Volcán Poás has a crater lake that is 1,320 meters wide, 8/10 of a mile, and 300 meters deep. The water is extremely acidic and measures 58-93 degrees Celsius (136-199 Fahrenheit). So the fishing is not very good here.

The crater of Poás Volcano on a clear day.

Andrés Madrigal/The Tico Times

Also, Poás constantly belches carbon dioxide into the air, sometimes up to 500 tons in a single day, not exactly helping with Costa Rica’s plan to become carbon-neutral by 2021.

The big wooden sign in front of the main crater says we’re at 2,574 meters above sea level, almost 8,500 feet, or more than a mile and a half in the air, so you might find yourself short of breath as you walk the easy trails here when they go uphill.

The eruption of Volcán Poás in 1910 spewed a column of rock, mud, ash and gas five miles (8,000 meters) into the air. Another major eruption in 1953 produced a four-mile ash cloud and gave the crater its current shape.

I walked the 30-minute Laguna Botos trail, a loop that leads to an emerald lake in one of the volcano’s three craters, long dormant, 365 meters in diameter and a beautiful green (on a clear day) because of sulfuric acid in the water.

Laguna Botos on a clear day.

Andrés Madrigal/The Tico Times

On the sendero to Laguna Botos I walked through dark, tangled forests that might have been inspired by the brothers Grimm. This would be a good place to film the story of Hansel and Gretel, I thought, or perhaps a remake of “Red Riding Hood.”

Back at park headquarters I toured the museum, which includes a cutaway of Poás Volcano. An old woman in a wheelchair was sitting in front of it, and her daughter was telling her in Spanish that it looked just like a cake.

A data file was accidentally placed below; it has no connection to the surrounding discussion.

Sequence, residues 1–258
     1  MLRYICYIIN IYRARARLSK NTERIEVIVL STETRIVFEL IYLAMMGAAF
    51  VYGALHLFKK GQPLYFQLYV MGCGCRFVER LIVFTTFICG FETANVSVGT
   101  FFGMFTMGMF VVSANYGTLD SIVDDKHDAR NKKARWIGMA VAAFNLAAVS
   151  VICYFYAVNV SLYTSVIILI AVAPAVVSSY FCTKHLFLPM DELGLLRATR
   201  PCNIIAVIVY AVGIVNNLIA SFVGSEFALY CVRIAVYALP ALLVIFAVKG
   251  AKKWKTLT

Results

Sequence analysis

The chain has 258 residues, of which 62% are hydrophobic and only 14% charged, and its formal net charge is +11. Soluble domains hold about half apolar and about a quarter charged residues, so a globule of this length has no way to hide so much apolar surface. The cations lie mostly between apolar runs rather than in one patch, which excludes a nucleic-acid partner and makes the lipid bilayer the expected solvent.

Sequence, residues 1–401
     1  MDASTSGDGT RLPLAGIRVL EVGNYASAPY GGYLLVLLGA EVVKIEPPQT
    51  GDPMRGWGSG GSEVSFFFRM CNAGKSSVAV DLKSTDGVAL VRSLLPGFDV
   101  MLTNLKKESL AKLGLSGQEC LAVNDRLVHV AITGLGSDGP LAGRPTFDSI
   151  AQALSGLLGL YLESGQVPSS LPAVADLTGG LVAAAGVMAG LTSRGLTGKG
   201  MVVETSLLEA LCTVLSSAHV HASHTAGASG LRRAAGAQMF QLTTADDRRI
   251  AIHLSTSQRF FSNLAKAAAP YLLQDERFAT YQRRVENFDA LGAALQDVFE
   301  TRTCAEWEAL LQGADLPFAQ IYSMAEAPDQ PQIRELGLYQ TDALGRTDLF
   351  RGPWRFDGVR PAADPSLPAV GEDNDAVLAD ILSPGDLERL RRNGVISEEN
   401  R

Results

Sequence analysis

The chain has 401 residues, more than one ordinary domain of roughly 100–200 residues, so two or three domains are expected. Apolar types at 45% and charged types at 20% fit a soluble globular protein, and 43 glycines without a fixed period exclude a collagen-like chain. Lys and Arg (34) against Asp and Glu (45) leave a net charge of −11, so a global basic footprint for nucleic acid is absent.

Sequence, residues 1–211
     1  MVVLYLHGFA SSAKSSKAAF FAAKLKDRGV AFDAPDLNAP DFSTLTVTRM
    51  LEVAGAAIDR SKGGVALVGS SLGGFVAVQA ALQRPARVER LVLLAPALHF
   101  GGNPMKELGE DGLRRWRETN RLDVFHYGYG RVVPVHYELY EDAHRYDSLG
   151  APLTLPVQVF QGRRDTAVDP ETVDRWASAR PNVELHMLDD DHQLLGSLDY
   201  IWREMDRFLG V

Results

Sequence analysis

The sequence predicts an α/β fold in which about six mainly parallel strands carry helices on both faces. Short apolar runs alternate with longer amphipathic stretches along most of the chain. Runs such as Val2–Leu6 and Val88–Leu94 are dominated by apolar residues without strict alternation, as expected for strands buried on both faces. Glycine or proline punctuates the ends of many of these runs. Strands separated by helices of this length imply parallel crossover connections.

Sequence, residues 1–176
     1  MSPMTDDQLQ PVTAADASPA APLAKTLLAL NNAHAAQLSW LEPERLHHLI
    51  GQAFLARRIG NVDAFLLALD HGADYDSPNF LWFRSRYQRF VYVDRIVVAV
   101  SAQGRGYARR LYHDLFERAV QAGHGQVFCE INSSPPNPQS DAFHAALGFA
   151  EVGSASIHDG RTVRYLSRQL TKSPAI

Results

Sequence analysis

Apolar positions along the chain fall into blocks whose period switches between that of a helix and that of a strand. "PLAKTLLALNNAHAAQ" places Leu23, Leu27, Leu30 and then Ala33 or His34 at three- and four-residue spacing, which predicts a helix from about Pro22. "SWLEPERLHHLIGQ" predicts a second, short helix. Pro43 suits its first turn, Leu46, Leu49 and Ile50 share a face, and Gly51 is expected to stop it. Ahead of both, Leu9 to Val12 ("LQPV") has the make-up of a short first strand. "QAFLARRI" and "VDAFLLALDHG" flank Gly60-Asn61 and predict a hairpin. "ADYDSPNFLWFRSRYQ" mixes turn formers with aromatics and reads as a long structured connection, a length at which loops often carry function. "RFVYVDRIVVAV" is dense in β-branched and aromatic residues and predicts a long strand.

Poás Volcano, sliced like a cake.

Karl Kahler/The Tico Times

I thought: A Mother’s Day cake! I was happy to see that someone had decided to celebrate the day by bringing her mother to Poás.

One of the signs in the museum says Poás “is the most visited protected wild area in the country, with an average of 300,000 people per year.” That’s in a country of 5 million.

The secret of Poás’ popularity is its accessibility: Anyone can drive here and back from the Central Valley in a day and find trails that the smallest child or the oldest grandmother can navigate.

What you find at the end of the trail — on a clear day — is a steaming, smoking, milk-colored lake surrounded by what looks like the surface of Mars.

To Mom: Wish you were here!

To everyone else: If you haven’t been to Poás lately, or ever, just do it! (But call ahead.)

Don’t be lay-see!

 

IF YOU GO

Getting there: With your own vehicle, take Highway 1 from San José toward the airport in Alajuela. After the first tollbooth, there’s a brown sign telling you to turn right to get to Parque Nacional Volcán Poás, but I found it easier to follow the second sign, which tells you to go straight. After that, there are plenty of signs to point the way, and the Waze app can do the same.
What to bring: Be prepared for cold and rain. Wear long pants and bring a jacket or sweater.
When to come: Earliest is best, as the volcano is most likely to be clear in the morning.
Admission: $15 for foreigners, 1,000 colones for nationals; parking 1,500 colones.
Hours: Open daily 8 a.m. to 3:30 p.m.
Phone: To check on weather conditions before visiting, call 2482-1226.
For more info: http://www.sinac.go.cr/AC/ACCVC/volcanpoas/Paginas/default.aspx

Contact Karl Kahler at kkahler@ticotimes.net.